My five years working at King’s Rochester came to an end in April this year when I undertook my current role as Director of Innovation at RGS Worcester – an Apple Distinguished School (ADS). Interestingly, just before I left King’s, after several years of preparation, we had just been told that we met the requirements to become an ADS School in 2020.
Apple Distinguished Schools are recognised by Apple as ‘centres of leadership and educational excellence that demonstrate Apple’s vision for learning with technology‘. To qualify, schools must have an established one-to-one programme; be able to demonstrate innovative use of the Apple platform; ensure their staff are proficient with iPad and/or Mac and be able to provide documented results. Those schools that meet the requirements and achieve ADS status are then invited to attend the annual Apple Distinguished Schools Innovation Summit, somewhere on The Globe – and for this reason, I recently found myself in Berlin with other members of the ADS community.
My trip began with a quick visit to the Berlin Metropolitan School, where @JenOFee is Head of the Primary Section. It was great to see the pupils meaningfully use a range of technologies as they prepared for their PYP (Primary Years Programme) exhibition; taking place that very evening. The PYP is a transdisciplinary framework that places an emphasis on inquiry-based learning. The exhibition itself happens at the end of year six and provides pupils with the opportunity to share their newly developed knowledge and skills with their peers, teachers, parents and wider school community.
The student work on Artificial Intelligence and Machine Learning was of particular interest to me and was testament to the fact that if orchestrated properly, inquiry-based practice can have high-impact on student learning.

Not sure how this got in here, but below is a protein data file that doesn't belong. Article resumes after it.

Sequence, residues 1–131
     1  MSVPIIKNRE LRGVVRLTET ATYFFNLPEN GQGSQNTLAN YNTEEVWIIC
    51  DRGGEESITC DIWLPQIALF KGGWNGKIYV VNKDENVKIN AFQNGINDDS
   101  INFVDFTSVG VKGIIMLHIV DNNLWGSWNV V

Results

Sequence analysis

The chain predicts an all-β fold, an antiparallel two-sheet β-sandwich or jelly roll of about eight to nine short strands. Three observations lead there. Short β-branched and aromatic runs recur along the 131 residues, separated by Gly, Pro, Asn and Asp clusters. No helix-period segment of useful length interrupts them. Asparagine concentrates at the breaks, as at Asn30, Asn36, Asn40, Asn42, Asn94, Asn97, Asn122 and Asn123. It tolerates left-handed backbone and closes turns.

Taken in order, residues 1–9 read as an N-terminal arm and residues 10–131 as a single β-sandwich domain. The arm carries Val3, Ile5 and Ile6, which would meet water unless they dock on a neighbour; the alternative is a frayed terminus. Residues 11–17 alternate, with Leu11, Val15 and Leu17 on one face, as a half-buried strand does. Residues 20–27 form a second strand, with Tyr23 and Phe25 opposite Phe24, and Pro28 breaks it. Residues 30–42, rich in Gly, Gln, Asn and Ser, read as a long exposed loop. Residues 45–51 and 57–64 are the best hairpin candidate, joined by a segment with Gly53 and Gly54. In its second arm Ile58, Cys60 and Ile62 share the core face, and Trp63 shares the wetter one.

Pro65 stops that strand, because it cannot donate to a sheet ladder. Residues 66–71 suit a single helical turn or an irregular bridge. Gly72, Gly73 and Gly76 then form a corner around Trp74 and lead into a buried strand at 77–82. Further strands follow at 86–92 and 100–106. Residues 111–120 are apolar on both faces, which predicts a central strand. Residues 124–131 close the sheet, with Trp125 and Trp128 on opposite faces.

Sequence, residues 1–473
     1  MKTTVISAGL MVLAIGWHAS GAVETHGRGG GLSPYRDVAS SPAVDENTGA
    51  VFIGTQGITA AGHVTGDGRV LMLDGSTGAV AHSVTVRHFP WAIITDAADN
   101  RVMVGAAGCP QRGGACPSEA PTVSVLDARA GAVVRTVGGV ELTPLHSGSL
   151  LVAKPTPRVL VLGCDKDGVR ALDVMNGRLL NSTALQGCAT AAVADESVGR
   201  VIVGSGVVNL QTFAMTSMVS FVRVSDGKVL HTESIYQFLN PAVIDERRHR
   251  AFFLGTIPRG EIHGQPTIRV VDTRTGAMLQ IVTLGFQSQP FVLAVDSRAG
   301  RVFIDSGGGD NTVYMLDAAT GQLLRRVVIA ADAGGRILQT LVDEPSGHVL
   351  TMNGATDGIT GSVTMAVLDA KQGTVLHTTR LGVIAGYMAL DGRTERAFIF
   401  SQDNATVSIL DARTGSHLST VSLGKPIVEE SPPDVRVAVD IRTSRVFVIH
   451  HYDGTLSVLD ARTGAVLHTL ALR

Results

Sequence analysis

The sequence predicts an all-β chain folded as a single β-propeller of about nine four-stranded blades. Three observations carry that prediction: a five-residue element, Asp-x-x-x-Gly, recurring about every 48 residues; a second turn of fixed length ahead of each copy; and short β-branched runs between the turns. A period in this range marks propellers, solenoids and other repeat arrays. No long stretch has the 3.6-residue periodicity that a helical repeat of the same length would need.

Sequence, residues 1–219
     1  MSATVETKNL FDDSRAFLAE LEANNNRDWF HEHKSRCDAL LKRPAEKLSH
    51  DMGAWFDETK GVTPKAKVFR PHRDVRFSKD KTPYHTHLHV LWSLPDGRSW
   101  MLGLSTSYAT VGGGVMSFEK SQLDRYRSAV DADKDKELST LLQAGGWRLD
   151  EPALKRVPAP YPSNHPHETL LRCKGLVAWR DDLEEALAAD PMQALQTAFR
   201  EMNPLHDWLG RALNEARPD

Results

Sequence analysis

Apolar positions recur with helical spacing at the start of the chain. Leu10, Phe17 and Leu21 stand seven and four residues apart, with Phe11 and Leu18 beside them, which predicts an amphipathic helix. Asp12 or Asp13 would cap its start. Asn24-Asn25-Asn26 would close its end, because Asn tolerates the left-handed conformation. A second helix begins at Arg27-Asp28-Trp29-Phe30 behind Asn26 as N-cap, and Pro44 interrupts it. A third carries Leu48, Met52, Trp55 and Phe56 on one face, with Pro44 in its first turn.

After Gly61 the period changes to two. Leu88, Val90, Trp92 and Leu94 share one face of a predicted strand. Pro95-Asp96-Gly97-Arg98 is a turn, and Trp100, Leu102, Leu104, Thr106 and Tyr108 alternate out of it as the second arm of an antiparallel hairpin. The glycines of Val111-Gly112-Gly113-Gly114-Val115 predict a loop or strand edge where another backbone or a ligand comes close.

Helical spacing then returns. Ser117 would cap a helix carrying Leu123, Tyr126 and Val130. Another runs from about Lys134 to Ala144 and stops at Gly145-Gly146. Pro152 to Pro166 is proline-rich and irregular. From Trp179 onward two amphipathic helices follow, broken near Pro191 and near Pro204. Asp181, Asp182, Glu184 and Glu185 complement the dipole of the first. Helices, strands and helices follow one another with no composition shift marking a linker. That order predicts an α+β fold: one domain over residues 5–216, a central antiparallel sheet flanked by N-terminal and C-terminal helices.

Next stop was the Innovation Summit itself, taking place next to Potsdamer Platz – itself once at the helm of innovation when the first traffic lights in continental Europe were installed back in 1924.
The Summit started with an overview of the ADS programme, specifically in the EMEIA (Europe, Middle East, India and Africa) whose schools were represented at the Berlin 2019 summit. 86 Schools from 17 countries were represented and it really was brilliant to see so many familiar faces from the ADE Community there as well. Indeed, some of the highlights of the whole summit were hearing from delegates from several different schools and how they had managed to successfully embed technology within their curriculums, change culture, strengthen communities and empower learners, often in very difficult circumstances.
We also took a detailed look at the ‘Elements of Learning‘; a book published by Apple in 2018, in conjunction with SRI International, that aims to help educators to design lessons that incorporate five elements of learning when using Apple Technology. The elements are:
- Communication and Creation
- Personalisation of Learning
- Critical Thinking
- Real-World Engagement
The book contains detailed chapters on each element and features lesson plans that are supported by both guiding and reflective questions. Although, by no means definitive, the book certainly has some interesting and valuable ideas that could easily be customised to fit in with most schools curricula.
Moreover, the session provided an opportunity to reflect and discuss Apple’s ‘Elements of Learning’ in relation to our respective practices.